Marshall Smith, the cofounder of Brookline Booksmith and a number of other seminal Boston-area retail businesses, died on May 10. He was 90.

In 1961, Marshall and Judy Smith cofounded the first Paperback Booksmith, which would become a chain of 75 stores during the 1960s and 1970s. (The Brookline Booksmith, opened in 1961, remains open and family-owned; other stores were sold after Marshall Smith retired from the business in 2010.) Smith would go on to launch three more retain chains, including Videosmith, a movie rental store chain, and Learningsmith/Cybersmith, a mixed media retail chain; all in all, Smith's businesses opened a combined total of 180 stores over the years.

A longtime activist, Smith served as chairman of the board of the American Civil Liberties Union of Massachusetts and the Brookline Human Relations Commission (a precursor to the organization's current diversity and inclusion committee), and worked to provide books to the imprisoned, among other civic efforts. He also served as a town meeting member in Brookline for a time and treasurer for Mike Dukakis’s campaign for the governorship of Massachusetts. He also published Judge W. Arthur Garrity Jr.'s ruling in a a 1974 case that found that Boston public school busing was unconstitutionally segregated.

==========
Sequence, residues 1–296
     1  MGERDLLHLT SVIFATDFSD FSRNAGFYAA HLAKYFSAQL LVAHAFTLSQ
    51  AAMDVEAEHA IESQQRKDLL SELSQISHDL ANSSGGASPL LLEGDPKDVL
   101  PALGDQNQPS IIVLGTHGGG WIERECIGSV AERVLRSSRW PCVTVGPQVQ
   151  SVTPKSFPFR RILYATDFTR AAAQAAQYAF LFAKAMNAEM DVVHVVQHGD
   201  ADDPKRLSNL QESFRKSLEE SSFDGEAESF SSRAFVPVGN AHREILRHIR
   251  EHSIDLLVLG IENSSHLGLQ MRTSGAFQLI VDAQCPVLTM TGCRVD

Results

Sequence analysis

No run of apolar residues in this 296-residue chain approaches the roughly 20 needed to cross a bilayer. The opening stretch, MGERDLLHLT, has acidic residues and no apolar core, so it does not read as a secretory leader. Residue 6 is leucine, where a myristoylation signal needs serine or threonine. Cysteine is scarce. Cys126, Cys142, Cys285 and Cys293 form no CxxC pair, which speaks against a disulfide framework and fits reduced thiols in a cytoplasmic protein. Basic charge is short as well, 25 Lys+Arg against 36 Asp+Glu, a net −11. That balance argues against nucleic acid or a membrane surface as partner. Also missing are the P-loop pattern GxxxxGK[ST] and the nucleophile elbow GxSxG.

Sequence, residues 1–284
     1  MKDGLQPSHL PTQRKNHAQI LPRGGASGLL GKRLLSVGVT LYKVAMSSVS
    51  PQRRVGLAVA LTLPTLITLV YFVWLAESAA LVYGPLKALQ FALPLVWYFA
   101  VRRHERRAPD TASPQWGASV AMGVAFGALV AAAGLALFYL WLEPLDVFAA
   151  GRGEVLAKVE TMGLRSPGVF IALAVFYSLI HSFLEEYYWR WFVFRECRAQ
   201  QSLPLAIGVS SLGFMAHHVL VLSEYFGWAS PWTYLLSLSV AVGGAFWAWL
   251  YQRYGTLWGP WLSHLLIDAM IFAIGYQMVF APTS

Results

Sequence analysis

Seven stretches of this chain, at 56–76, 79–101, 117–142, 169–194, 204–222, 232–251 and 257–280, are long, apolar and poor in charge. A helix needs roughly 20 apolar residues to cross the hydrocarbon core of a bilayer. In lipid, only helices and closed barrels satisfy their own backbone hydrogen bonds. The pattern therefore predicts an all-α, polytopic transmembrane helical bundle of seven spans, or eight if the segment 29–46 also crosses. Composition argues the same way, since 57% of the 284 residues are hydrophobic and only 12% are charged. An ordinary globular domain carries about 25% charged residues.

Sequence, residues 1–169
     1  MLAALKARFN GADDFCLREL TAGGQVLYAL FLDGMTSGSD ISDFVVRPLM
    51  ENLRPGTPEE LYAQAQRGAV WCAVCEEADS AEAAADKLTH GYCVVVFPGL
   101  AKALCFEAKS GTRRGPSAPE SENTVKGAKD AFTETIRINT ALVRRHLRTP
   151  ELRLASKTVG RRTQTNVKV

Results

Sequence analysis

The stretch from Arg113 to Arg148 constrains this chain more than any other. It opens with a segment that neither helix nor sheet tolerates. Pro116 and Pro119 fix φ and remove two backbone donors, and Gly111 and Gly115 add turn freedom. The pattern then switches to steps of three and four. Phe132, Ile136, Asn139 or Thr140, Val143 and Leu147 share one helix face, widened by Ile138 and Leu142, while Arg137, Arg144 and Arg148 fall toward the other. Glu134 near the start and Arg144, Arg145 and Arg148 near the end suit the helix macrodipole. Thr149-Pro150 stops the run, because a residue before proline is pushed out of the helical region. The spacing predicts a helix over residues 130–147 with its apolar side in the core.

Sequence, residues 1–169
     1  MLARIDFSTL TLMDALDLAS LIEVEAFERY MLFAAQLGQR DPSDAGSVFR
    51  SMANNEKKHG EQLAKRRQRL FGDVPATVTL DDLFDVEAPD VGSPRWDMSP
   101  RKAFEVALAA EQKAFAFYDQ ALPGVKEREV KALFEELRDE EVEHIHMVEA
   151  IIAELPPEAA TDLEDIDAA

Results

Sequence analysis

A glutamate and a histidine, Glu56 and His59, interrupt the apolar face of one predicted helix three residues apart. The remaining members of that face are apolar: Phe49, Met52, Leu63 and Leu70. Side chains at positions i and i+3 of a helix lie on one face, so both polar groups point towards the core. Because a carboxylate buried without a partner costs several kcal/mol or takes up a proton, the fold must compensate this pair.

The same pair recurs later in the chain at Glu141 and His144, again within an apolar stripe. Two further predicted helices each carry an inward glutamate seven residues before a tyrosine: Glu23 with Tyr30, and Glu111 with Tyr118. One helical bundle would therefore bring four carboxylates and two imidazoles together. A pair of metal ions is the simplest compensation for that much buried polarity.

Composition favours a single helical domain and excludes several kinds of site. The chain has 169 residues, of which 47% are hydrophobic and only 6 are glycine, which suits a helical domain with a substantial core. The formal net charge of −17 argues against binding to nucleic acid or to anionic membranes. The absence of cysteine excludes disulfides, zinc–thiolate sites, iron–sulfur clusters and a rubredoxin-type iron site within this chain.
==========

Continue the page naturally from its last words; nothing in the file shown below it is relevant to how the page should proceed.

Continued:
Smith is survived by his three children, Lani, Greg, and Jed; daughters-in-law Caitlin and Nancy; brother Malcolm; sister-in-law Betty; and grandchildren Sabrina, Philip, Sebastian, Quinn, Annabel, and Lilah.